The Civil Registration Service investigated 41 weddings last year as suspected “marriages of convenience”, with 20 ceremonies ultimately prevented from proceeding.
Figures from the Department of Employment Affairs and Social Protection showed 41 cases were referred for investigation, although 11 of those marriages were allowed to go ahead following review, and 10 are still being probed.
The cases involved marriages of non-Irish citizens with non-EU citizens.
The department said Civil Registration Acts require that a couple getting married must give notification in person of their intention to marry to a registrar at least three months before the intended date.
Under the Civil Registration (Amendment) Act 2014, the registrar has the right to investigate and decide whether an intended marriage would be a marriage of convenience for immigration purposes.
According to a department spokesperson: “Marriages of this nature have been used as a means of circumventing national and EU immigration controls in many jurisdictions.
"A registrar may also receive objections to a proposed marriage where a marriage of convenience is suspected.
“The Department of Justice and Equality and the Garda National Immigration Bureau must also be informed of the facts of a case where there is a suspicion that a marriage of convenience is intended.”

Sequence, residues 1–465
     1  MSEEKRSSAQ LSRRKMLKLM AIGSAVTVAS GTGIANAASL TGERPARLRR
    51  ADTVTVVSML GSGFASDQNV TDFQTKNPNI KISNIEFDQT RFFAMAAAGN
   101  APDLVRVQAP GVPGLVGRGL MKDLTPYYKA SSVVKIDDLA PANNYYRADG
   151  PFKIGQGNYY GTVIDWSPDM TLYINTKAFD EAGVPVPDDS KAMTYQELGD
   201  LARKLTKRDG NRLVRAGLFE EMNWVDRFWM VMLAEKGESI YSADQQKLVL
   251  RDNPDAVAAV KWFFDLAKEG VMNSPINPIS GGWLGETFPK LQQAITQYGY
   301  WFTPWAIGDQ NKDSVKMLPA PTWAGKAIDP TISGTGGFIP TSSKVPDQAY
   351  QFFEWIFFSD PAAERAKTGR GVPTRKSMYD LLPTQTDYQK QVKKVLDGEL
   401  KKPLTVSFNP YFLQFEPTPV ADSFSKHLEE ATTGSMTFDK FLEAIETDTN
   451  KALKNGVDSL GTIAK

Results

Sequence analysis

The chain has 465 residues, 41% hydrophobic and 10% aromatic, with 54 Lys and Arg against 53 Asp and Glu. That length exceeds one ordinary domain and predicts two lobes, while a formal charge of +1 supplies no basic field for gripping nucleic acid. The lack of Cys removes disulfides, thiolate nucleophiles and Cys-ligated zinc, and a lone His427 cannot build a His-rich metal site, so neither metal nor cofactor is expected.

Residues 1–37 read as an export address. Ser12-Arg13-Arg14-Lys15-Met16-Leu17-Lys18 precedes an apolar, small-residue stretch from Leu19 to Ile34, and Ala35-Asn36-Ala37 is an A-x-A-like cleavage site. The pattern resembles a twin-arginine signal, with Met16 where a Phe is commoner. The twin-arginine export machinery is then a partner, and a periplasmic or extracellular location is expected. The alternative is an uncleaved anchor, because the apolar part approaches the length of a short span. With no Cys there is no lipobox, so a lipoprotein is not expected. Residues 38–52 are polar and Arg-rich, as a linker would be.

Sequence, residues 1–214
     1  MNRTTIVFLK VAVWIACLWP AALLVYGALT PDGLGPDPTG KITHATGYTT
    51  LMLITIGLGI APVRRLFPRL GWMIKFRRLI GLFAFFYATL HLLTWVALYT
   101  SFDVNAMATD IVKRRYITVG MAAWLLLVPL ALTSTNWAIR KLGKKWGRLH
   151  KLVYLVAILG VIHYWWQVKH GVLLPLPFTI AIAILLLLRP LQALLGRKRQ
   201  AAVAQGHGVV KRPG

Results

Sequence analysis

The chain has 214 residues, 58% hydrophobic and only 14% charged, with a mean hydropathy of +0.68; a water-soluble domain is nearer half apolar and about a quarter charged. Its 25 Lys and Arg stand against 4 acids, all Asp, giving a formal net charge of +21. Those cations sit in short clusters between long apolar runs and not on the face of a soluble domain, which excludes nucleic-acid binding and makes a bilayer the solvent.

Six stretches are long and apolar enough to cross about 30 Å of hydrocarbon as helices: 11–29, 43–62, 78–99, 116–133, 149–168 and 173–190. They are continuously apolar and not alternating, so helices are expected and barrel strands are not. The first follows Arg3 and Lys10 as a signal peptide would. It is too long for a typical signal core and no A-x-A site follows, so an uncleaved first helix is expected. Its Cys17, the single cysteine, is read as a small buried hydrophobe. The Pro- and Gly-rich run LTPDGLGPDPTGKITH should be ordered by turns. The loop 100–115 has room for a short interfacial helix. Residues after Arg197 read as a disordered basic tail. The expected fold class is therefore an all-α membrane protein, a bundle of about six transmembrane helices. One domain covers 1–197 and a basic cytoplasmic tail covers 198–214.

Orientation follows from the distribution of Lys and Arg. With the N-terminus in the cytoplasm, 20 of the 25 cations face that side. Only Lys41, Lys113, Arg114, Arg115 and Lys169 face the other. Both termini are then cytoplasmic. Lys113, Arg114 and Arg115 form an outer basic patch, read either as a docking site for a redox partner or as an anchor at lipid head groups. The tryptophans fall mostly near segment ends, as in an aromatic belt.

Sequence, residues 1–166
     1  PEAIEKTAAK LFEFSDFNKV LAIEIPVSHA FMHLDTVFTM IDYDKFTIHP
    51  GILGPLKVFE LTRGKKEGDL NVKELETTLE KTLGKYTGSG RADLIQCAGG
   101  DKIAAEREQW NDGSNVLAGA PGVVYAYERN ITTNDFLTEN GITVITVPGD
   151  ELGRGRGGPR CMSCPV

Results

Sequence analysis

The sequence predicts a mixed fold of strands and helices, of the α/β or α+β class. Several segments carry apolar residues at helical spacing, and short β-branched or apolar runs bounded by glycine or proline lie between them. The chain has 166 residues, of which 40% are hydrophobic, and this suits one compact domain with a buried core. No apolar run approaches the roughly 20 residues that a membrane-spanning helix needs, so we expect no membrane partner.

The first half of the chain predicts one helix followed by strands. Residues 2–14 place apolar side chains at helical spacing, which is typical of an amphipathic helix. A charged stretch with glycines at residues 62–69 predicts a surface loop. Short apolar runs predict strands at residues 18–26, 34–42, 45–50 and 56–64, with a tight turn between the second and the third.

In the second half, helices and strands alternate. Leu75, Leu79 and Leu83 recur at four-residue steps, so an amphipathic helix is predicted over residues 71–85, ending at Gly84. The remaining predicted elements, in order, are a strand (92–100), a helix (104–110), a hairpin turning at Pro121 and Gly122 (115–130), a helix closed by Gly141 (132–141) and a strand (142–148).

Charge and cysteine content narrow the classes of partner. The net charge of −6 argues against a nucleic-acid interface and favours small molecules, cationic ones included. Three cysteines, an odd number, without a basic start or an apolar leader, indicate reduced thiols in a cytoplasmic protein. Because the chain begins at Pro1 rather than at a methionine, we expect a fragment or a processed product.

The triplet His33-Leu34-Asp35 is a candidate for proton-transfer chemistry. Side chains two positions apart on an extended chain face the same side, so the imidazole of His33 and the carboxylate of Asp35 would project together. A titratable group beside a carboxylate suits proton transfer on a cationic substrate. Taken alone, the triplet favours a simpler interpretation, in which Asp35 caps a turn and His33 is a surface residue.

Notifications to marry can also be cancelled, abandoned or withdrawn following engagement and/or interviews conducted with a registrar, the spokesperson said.
While the number of notifications to marry and actual marriages between Irish citizens and non-EU citizens has remained consistent over the last five years, the number of notifications and marriages involving non-Irish citizens and non-EU citizens in the same period have plummeted.
In 2014, there were 1,509 notifications of intention to marry received by the Civil Registration Office, and 1,163 marriages registered involving a non-Irish citizen and a non-EU citizen. Last year, just 369 notifications were received, and 234 marriages registered.
A minimum of three months must elapse between the completion of the notification to marry process and the marriage taking place.
Legislation relating to marriages of convenience was introduced following the judgement of the European Court of Justice in the Metock case in 2008.
In its judgment, the court ruled that a non-EU spouse of an EU citizen can move and reside with that citizen in the EU without having previously been lawfully resident in a member state. The judgment does not apply to a non-EU spouse who marries an Irish citizen.
In summer 2015, An Garda Síochána set up Operation Vantage to tackle potentially bogus marriages. Last month, following a day of action to target abuses of immigration legislation and processes around public service licence vehicles, gardaí searched a number of residential properties which resulted in a revocation of 55 immigration permissions.
A Garda spokesman said: “Following these searches, a total of 15 further persons have been identified for investigation where a marriage of convenience and fraud has been uncovered.”